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Comparing Different Explanations of the Volatility Trend

  • Amir Rubin

    (Simon Fraser University and Interdisciplinary Center (IDC), Herzliya)

  • Daniel Smith

    (Simon Fraser University and QUT)

We analyze the puzzling behavior of the volatility of individual stock returns over the past few decades. The literature has provided many different explanations to the trend in volatility and this paper tests the viability of the different explanations. Virtually all current theoretical arguments that are provided for the trend in the average level of volatility over time lend themselves to explanations about the difference in volatility levels between firms in the cross-section. We therefore focus separately on the crosssectional and time-series explanatory power of the different proxies. We fail to find a proxy that is able to explain both dimensions well. In particular, we find that Cao et al. (2008) market-to-book ratio tracks average volatility levels well, but has no crosssectional explanatory power. On the other hand, the low-price proxy suggested by Brandt et al. (2010) has much cross-sectional explanatory power, but has virtually no time-series explanatory power. We also find that the different proxies do not explain the trend in volatility in the period prior to 1995 (R-squared of virtually zero), but explain rather well the trend in volatility at the turn of the Millennium (1995-2005).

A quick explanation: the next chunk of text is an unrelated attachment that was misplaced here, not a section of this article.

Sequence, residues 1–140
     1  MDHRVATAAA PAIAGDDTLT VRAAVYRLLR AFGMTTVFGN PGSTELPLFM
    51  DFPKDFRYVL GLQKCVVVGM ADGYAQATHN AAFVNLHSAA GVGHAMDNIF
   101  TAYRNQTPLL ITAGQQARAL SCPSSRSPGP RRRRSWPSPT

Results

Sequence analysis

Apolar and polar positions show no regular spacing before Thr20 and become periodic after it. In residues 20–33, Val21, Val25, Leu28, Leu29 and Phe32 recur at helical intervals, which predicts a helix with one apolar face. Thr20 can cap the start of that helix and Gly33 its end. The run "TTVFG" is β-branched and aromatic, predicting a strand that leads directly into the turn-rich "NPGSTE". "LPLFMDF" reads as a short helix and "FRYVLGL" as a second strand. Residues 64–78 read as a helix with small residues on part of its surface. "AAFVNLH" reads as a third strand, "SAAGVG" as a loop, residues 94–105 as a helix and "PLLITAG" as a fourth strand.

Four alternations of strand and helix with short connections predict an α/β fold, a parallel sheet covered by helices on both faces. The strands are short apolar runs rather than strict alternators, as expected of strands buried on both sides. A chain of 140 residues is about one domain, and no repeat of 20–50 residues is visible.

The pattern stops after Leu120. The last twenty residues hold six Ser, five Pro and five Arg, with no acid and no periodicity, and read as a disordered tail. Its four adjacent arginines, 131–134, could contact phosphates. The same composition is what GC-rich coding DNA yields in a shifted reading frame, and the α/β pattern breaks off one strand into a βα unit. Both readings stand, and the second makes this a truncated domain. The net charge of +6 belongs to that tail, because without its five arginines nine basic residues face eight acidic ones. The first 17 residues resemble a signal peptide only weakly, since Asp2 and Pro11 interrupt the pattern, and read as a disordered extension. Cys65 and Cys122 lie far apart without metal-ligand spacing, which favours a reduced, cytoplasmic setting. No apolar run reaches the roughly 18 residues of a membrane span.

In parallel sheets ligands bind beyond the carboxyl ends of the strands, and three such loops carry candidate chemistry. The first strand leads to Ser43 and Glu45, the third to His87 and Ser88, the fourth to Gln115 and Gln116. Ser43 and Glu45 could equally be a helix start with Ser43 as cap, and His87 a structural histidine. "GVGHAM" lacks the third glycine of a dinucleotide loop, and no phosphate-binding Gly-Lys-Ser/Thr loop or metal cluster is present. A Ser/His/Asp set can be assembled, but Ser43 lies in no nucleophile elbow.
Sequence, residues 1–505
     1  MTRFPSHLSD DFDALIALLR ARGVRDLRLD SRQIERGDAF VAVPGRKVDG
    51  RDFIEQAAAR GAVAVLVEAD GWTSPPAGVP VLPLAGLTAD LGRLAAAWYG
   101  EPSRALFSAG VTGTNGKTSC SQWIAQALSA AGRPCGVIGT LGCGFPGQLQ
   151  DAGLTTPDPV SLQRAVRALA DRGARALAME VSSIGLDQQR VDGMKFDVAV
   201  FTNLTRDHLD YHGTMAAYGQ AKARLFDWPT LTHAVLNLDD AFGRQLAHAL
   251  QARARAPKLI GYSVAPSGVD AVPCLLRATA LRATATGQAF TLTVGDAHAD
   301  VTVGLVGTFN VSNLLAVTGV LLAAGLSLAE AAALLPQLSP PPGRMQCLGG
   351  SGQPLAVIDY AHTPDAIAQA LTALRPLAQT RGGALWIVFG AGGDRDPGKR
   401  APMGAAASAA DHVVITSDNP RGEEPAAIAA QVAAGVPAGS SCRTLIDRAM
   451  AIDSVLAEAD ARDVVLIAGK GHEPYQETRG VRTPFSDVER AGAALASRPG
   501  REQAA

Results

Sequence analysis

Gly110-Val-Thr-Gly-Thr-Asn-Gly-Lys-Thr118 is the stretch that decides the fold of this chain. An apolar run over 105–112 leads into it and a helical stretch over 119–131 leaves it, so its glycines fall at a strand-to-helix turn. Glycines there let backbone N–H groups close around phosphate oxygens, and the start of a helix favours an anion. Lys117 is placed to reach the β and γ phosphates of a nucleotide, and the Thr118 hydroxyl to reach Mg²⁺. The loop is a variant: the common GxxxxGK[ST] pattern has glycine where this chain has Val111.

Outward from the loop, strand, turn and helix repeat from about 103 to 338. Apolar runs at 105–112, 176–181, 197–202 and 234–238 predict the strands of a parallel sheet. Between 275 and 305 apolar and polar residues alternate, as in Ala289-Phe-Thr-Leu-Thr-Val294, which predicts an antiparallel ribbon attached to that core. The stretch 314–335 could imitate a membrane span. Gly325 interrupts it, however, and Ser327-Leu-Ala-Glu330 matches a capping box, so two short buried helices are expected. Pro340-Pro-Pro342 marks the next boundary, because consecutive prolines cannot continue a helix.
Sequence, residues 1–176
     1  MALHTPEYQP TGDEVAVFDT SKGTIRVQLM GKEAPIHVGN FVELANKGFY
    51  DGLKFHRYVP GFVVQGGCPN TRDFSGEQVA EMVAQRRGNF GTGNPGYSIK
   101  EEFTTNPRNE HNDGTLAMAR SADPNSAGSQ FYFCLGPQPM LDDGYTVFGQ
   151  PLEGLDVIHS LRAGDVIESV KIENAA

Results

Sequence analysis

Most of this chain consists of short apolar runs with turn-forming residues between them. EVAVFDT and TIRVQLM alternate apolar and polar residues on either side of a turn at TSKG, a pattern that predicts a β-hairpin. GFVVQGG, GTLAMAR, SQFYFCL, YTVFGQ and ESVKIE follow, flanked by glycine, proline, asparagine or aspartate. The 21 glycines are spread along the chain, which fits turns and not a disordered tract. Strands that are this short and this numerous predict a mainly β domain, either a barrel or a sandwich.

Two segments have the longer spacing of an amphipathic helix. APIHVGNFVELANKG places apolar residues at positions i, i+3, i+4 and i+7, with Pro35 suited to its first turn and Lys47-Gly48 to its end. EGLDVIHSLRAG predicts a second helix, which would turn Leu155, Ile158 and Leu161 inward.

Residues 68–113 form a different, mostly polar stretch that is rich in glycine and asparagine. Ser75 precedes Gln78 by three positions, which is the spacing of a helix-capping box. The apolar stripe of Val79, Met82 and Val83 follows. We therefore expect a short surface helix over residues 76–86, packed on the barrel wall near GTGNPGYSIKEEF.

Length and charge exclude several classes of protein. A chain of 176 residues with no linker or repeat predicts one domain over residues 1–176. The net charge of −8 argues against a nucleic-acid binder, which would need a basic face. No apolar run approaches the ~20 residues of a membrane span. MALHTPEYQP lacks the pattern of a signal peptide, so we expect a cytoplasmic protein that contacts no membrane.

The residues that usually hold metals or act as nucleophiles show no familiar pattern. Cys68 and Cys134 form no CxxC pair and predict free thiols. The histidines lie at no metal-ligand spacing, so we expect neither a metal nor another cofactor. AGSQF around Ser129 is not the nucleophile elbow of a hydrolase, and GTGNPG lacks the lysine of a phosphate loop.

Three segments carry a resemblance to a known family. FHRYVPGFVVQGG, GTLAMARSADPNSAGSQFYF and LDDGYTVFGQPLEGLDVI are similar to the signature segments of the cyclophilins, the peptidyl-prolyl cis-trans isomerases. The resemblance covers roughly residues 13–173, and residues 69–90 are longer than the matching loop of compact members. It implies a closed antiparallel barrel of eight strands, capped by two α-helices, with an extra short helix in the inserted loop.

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Paper provided by National Centre for Econometric Research in its series NCER Working Paper Series with number 68.

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Date of creation: 11 Nov 2010
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Publication status: forthcoming
Handle: RePEc:qut:auncer:2010_15
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